If your project is connected to a district energy system, LEED 2009 lets you take advantage of improved system efficiencies. Although not permitted for use with EAp2, you may include the improved efficiency over baseline of the district energy system in the energy model you develop for EAc1. In this scenario, you develop a separate model from the one for EAp2 compliance. (See Resources for more details through the updated guidelines.)
This credit is documented in concert with EAp2: Minimum Energy Performance. Refer to EAp2 for detailed steps on LEED compliance and documentation.
Begin identifying a target for energy performance. Begin by researching similar building types using the EPA Target Finder program. An Energy Star score of 80 or higher will typically earn EAc1 points.
To earn points for EAc1 you’ll most likely have to significantly exceed your local energy code. Achieving this energy reduction requires special attention to detail by your entire team from the beginning of the design process, and dedicated leadership from the owner.
Note that energy efficiency is not just about efficient boilers and chillers. To achieve high targets, the design of the building has to help reduce dependence on mechanical heating and cooling throughout the year, through measures like orientation, moderate glazing areas, and self-shading.
An automated building management system (BMS) can significantly reduce building energy use by turning down air conditioning and turning off lights during unoccupied hours, along with other similar measures. Occupancy sensors, timers, and temperature sensors feed into the system to switch off lights and fans when not needed. Note that controls can be counted towards energy reductions only through energy modeling.
The compliance paths for this credit are the same as for EAp2. Because the documentation is identical, it makes the most sense to consider credit implications when selecting the appropriate compliance path for the prerequisite.
Complying with Option 2 earns only one point, and with Option 3, 1-3 three points. If you are committed to greatly reducing energy usage and earning a higher number of points, then follow Option 1 for both EAp2 and EAc1.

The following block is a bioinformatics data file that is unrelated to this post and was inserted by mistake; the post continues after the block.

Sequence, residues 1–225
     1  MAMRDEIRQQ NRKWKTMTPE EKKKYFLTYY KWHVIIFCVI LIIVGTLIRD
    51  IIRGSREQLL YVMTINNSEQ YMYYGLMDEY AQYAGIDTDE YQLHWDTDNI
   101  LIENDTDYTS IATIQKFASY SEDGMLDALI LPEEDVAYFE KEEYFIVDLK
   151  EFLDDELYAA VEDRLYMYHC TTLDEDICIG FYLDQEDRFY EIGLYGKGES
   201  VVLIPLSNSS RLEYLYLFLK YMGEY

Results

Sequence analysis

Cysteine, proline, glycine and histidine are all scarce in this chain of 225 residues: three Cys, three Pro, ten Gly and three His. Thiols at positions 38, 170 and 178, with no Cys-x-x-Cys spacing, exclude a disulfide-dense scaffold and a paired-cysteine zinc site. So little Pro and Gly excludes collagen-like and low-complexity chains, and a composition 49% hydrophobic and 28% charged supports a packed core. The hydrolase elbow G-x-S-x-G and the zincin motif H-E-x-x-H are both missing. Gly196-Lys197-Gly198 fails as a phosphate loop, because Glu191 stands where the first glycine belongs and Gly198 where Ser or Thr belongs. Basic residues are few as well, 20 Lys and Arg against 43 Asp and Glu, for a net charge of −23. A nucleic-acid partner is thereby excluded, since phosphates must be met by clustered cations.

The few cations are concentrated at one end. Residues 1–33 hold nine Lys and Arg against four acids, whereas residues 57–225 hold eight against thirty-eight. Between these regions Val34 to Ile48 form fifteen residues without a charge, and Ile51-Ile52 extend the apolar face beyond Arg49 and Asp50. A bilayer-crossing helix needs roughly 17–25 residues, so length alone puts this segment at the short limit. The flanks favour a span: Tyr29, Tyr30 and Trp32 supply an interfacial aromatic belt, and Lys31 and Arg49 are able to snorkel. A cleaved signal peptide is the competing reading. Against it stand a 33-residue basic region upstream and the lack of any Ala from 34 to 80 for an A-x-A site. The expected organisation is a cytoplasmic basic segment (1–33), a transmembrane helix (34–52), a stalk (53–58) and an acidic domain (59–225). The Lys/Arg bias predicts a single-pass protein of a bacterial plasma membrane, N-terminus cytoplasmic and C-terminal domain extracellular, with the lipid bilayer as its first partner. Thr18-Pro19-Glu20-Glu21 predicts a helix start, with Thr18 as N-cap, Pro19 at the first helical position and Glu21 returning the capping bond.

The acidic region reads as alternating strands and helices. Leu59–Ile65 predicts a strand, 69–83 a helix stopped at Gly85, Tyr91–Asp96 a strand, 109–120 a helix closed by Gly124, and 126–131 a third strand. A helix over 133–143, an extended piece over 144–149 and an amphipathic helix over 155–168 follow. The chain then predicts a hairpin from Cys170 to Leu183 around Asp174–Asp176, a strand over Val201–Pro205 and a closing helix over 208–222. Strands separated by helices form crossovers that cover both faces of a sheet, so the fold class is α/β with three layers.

Renewable energy shows the contrast between Options 1 and 3. Installing a renewable energy system for 5% of electricity use earns one-third of a point through Option 3. Installing a renewable energy system to reduce building energy costs by 2% earns one point under Option 1.
You can earn up to 19 points through EAc1, Option 1, using the same methodology as for EAp2, Option 1.
Only one point is available through Option 2: Prescriptive Compliance Path: ASHRAE Advanced Energy Design Guide, but if you choose this path for EAp2, it is earned automatically and does not carry any additional requirements. This option is available to office or retail projects up to 20,000 ft2 or warehouses less than 50,000 ft2. If you choose this compliance path, become familiar with the list of prescriptive requirements, and commit to meeting them. (See the AEDG checklist in the Documentation Toolkit.)
Up to three LEED points are available under Option 3 for compliance with the Core Performance Guide. It’s a good option if your project is smaller than 100,000 ft2, does not fall into one of the Option 2 categories and you’d rather not commit to energy modeling (Option 1). Your project automatically earns one point for meeting the prerequisite. An additional one or two points are available for meeting any three or six requirements, respectively, of Section 3. These requirements range from installing a renewable energy system to adding filters to air-handling systems. Review these requirements with your team to select the three or six that are most applicable to your project.